The wife of Thailand's ousted prime minister, Thaksin Shinawatra, has returned to the country to face corruption charges after more than a year in exile. Her return to Thailand comes as Mr. Thaksin's supporters are trying to secure his own return following an election victory by his supporters last month. VOA's Luis Ramirez reports from Bangkok.
Thaksin Shinawatra's wife, Pojamarn Shinawatra, arrived at Bangkok airport aboard a commercial flight from Hong Kong Tuesday. Police presented her with an arrest warrant and escorted her from the airport to Thailand's Supreme Court building.
Her attorney, Noppadol Pattama, told reporters Ms. Pojamarn was later released after posting a bail of $168,000.
The attorney says Ms. Pojamarn will stay in Thailand and act in accordance to the judicial system.
She had earlier returned to the country for legal matters a month after the September 2006 coup that drove her husband from office, but left again shortly thereafter.
Since Mr. Thaksin's ouster, he and his wife have been based in Britain. He has been watching events in Thailand from Hong Kong over the past two weeks.
They both face charges relating to an allegedly corrupt land deal, and accusations that they tried to conceal their assets. The couple denies the charges.
Tuesday's homecoming by Ms. Pojamarn is yet another step in a process that may see Mr. Thaksin himself make a return to the country, and the political scene - something those who ousted him hope to prevent. He has said he plans to return in the coming months once a new government is in place.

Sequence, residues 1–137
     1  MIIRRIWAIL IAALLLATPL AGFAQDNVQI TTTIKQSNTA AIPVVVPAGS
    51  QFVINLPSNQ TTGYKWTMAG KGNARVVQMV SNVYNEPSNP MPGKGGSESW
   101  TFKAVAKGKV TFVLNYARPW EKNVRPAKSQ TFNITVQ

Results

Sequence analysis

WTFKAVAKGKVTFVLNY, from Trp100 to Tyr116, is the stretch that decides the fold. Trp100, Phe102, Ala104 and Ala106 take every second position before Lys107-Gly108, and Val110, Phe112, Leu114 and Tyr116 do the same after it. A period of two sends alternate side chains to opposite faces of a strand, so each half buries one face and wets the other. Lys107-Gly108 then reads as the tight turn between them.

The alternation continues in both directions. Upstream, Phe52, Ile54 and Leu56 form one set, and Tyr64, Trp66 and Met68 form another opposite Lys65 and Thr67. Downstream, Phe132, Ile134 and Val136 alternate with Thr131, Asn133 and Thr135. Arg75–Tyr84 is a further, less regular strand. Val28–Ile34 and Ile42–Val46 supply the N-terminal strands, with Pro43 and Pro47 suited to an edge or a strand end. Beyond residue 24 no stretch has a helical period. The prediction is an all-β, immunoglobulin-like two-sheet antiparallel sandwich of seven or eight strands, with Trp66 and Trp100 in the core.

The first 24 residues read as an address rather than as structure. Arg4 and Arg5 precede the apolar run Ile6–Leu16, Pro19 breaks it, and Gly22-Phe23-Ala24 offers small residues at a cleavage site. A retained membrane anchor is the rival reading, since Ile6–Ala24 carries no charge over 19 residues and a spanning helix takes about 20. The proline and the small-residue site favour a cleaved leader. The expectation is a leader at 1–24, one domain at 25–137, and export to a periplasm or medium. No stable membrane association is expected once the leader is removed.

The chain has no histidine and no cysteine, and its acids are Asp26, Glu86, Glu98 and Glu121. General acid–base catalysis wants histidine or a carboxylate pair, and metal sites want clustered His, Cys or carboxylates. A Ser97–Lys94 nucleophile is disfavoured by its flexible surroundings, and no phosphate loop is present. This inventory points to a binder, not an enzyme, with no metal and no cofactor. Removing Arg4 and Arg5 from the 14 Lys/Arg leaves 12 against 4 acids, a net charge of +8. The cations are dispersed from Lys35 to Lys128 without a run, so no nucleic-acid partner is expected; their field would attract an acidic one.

His Thai Rak Thai Party was disbanded after the military coup. His supporters regrouped mostly under the People Power Party, which won the largest number of seats in the December 23 general elections. However, they came just short of winning a majority and thus have to form a coalition government.
The party has not been able to come up with a coalition because authorities have put at least 65 PPP winning candidates under investigation for alleged election fraud. PPP officials say the accusations are part of a "dirty tricks" campaign to prevent Mr. Thaksin's supporters, and possibly the ousted leader himself, from regaining control of the government.
Analysts say Pojamarn Shinawatra's presence in Thailand may further galvanize Mr. Thaksin's supporters, who encouraged by their victory in the elections, have stepped up their calls for the ousted leader's return and exoneration.
Mr. Thaksin's largest support base is among rural voters and the urban poor. His opponents are largely the military and the middle and upper classes in the cities, who loathe him for what they say was rampant corruption during his administration and for his alleged disrespect of Thailand's king.